Article By Marie Votapka
Your first violin lesson: what the parts of the violin are, how they work, and how to hold the instrument.
For all you adult students out there who have ever wondered - is learning violin for children? Am I too old? Is it too late? I'm here to tell you that the answer is undoubtedly, 100%, most definitely NO. Learning the violin is NOT just for children, you are NOT too old, and it is NEVER ever, ever too late. Don't you ever let those thoughts stop you.
I know it can be challenging to learn as an adult but guess what? It's challenging for kids too! And possibly even more so because music and violin playing involve concepts that young kids may not be able to grasp right away. At least not as quickly and directly as an adult student would be able to. Things like having an average adult level vocabulary, knowing basic math, having fine motor skills...these are all advantages more mature students have over those young little...
Just starting out on violin? Watch Lesson #1 to learn how to properly hold the violin in playing position. Once you've gotten that down, it's time for the next step, learning how to pluck.
Plucking, or, pizzicato, as it is formally known, is one of two ways to play the violin. The other way to play is to use the bow (formally termed arco.)
To pluck the violin, you are going to use your right index finger. Use the flesh (pad) of your finger, not the nail. Pluck about an inch and a half higher than the end of the fingerboard (meaning, in the direction closer to the scroll).
This is also a great time to learn your open strings. "Open" means you are not stopping the string with a finger from your left hand. It's just the sound of the string, as-is.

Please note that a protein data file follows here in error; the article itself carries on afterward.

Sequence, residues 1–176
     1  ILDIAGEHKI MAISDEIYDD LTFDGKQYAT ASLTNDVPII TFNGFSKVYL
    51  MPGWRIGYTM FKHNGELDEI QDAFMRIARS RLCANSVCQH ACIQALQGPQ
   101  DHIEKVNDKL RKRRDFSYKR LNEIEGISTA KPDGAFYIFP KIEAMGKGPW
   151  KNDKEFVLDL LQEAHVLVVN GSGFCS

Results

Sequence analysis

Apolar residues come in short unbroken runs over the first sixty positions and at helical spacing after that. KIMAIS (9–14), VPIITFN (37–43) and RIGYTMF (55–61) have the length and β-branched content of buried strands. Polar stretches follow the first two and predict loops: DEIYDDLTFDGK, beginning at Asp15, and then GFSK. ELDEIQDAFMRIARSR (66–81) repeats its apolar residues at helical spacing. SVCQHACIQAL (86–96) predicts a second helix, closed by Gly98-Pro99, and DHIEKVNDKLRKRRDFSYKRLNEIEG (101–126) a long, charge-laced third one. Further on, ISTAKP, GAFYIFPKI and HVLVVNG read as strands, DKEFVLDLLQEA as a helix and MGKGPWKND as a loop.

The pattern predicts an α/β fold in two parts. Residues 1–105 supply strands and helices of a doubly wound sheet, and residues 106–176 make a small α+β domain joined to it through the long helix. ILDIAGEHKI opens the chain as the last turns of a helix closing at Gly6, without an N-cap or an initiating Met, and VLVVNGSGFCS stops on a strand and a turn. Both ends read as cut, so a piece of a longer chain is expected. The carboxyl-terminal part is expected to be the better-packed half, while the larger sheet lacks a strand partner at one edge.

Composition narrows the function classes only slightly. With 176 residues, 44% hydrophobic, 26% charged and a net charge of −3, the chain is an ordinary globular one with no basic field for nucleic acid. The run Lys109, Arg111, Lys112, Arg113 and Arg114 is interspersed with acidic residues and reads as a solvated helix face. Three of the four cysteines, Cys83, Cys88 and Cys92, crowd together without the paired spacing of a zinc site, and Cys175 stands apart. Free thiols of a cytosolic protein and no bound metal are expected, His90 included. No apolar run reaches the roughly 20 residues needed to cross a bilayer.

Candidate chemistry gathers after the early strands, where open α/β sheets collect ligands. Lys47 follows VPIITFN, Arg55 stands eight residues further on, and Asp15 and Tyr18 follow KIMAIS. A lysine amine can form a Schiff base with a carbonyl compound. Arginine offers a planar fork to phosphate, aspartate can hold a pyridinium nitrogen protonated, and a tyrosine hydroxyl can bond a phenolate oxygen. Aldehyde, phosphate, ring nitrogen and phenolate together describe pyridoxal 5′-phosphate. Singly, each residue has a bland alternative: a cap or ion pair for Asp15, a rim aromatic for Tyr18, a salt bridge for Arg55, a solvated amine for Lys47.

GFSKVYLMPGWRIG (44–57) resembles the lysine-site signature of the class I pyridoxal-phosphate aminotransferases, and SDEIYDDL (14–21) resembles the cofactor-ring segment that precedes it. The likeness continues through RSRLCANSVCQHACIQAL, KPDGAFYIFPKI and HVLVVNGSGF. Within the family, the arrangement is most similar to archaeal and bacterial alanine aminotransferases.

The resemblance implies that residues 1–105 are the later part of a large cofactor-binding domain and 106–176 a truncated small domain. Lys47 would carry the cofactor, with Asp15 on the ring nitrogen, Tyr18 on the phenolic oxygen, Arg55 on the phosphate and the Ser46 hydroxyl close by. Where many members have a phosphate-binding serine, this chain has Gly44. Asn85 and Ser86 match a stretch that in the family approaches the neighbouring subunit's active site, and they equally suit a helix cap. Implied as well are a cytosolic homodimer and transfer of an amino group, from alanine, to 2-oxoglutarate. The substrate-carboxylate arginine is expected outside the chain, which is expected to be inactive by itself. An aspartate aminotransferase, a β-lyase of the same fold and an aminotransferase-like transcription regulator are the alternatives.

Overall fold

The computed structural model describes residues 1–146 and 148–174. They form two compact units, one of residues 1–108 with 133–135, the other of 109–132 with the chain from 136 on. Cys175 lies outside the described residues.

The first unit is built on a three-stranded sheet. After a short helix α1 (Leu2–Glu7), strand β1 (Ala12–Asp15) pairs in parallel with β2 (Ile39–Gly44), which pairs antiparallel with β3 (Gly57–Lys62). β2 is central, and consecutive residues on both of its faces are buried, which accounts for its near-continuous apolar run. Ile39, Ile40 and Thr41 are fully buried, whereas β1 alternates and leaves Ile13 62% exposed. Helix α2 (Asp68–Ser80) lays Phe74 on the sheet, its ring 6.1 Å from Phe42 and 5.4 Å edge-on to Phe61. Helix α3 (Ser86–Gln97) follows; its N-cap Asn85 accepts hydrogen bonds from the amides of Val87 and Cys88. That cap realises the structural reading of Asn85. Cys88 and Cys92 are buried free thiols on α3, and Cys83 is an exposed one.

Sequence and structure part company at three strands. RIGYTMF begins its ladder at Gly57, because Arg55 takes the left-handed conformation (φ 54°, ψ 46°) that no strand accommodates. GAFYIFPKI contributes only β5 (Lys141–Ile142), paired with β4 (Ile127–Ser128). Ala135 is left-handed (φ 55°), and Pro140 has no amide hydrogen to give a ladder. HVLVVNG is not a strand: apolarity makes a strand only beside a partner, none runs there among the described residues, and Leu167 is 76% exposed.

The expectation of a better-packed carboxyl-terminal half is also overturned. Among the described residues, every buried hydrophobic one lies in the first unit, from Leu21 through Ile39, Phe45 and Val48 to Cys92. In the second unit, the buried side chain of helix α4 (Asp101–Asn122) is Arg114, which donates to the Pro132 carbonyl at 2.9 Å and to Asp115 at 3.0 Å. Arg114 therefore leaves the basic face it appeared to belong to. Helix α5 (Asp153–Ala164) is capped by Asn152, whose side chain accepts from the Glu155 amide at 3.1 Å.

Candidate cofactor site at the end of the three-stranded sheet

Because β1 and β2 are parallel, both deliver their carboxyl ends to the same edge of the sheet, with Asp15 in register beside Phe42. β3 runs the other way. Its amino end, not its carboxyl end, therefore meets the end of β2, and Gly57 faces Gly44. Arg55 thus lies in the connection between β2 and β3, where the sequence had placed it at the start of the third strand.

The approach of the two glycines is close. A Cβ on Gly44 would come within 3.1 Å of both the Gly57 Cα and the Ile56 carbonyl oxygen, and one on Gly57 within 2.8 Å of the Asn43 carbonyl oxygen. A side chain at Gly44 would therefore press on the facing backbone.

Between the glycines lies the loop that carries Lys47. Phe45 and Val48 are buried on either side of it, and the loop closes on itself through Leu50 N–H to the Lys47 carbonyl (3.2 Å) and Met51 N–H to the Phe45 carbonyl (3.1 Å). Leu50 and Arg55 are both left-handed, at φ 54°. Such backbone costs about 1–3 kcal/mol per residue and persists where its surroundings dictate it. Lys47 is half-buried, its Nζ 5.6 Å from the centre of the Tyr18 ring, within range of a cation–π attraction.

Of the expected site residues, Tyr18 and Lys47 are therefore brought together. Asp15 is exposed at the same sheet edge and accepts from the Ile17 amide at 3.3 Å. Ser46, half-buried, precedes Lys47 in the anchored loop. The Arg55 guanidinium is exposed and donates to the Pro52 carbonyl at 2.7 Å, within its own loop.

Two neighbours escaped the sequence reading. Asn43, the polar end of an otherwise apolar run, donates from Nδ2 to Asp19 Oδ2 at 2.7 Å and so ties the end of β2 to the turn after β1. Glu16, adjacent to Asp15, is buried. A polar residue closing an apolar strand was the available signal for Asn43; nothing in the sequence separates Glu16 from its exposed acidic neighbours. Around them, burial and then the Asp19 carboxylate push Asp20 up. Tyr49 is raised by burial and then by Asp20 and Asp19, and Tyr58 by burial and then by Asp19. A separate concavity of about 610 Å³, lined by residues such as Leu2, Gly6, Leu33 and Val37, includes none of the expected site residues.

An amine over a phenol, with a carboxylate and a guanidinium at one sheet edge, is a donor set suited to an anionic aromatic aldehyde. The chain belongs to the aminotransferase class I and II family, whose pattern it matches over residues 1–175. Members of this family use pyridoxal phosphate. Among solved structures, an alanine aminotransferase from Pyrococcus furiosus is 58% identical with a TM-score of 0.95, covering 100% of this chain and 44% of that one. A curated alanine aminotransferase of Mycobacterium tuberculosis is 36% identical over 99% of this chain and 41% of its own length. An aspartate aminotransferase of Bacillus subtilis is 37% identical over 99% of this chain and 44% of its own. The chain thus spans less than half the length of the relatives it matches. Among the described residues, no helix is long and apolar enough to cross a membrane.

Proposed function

Practice this lesson to master the 4 strings on the violin. Spend about a week on it (or perhaps slightly less, if you get it down quicker), and then advance on to the next lesson!
By Marie Votapka
Since our last blog update broached the subject of music theory and the importance of knowing the notes, I thought I’d cover another aspect of music theory that I feel is commonly left out or under-taught. That topic is key signatures. Before I delve into all that, I want to define some key words, terms and symbols.
Key: In music, the key is what note the song or piece is based around. From this, you will know what scale (series of 8 notes) the piece of written music includes by default. It is indicated by showing you a certain number of specific sharps and/or flats at the beginning of the song before the music starts.
Sharp (#): This symbol (as much as I cringe to say it, the one that looks like a hashtag) indicates that a note should be played half a step higher than it is normally played. It is always placed on the staff line in front of (that is, to the left of) the note. The sharp symbol will sit on the line or space on the staff...
By Marie Votapka
Let’s talk about music theory.
What is it, why is it...where even is it? Who came up with all of this stuff? How are you supposed to learn it?
Music theory has unfortunately become known as a confusing, frustrating, even exasperating subject that at times can seem as though it is only understandable to those with some sort of special, beautiful mind.
First of all, let me just say this: everyone has their own special and beautiful mind. That may be a bit cliche, but it’s true! No one sees the world exactly the way you do, and that in itself is something special. Being an individual and using your own personal expression is a HUGE part of music, so never take your own way of hearing, feeling or communicating things for granted. Hang onto that, and use it in sharing your music with others.
Second of all, the idea that music theory is a dusty old subject meant only for composers or genius musicians is just not true. Music...
by Marie Votapka
We’ve all heard that practice makes perfect, but, is that really true if you don’t a.) practice the right things and b.) practice using the right tools?
The answer might surprise you. Practice - IF you’re not practicing correctly - can actually lead to developing bad habits, poor form or shaky technique. So the key is not only to practice, but to practice correctly! And a large part of practicing correctly involves having the right tools and resources to work with. As a violin student this would of course include having a decent instrument and bow (click here for a video on how to go about purchasing a good beginner violin), good rosin, strings and other accessories, etc.
But let’s start with talking about the good old musical education basics that apply to pretty much any instrument out there, and not just the violin: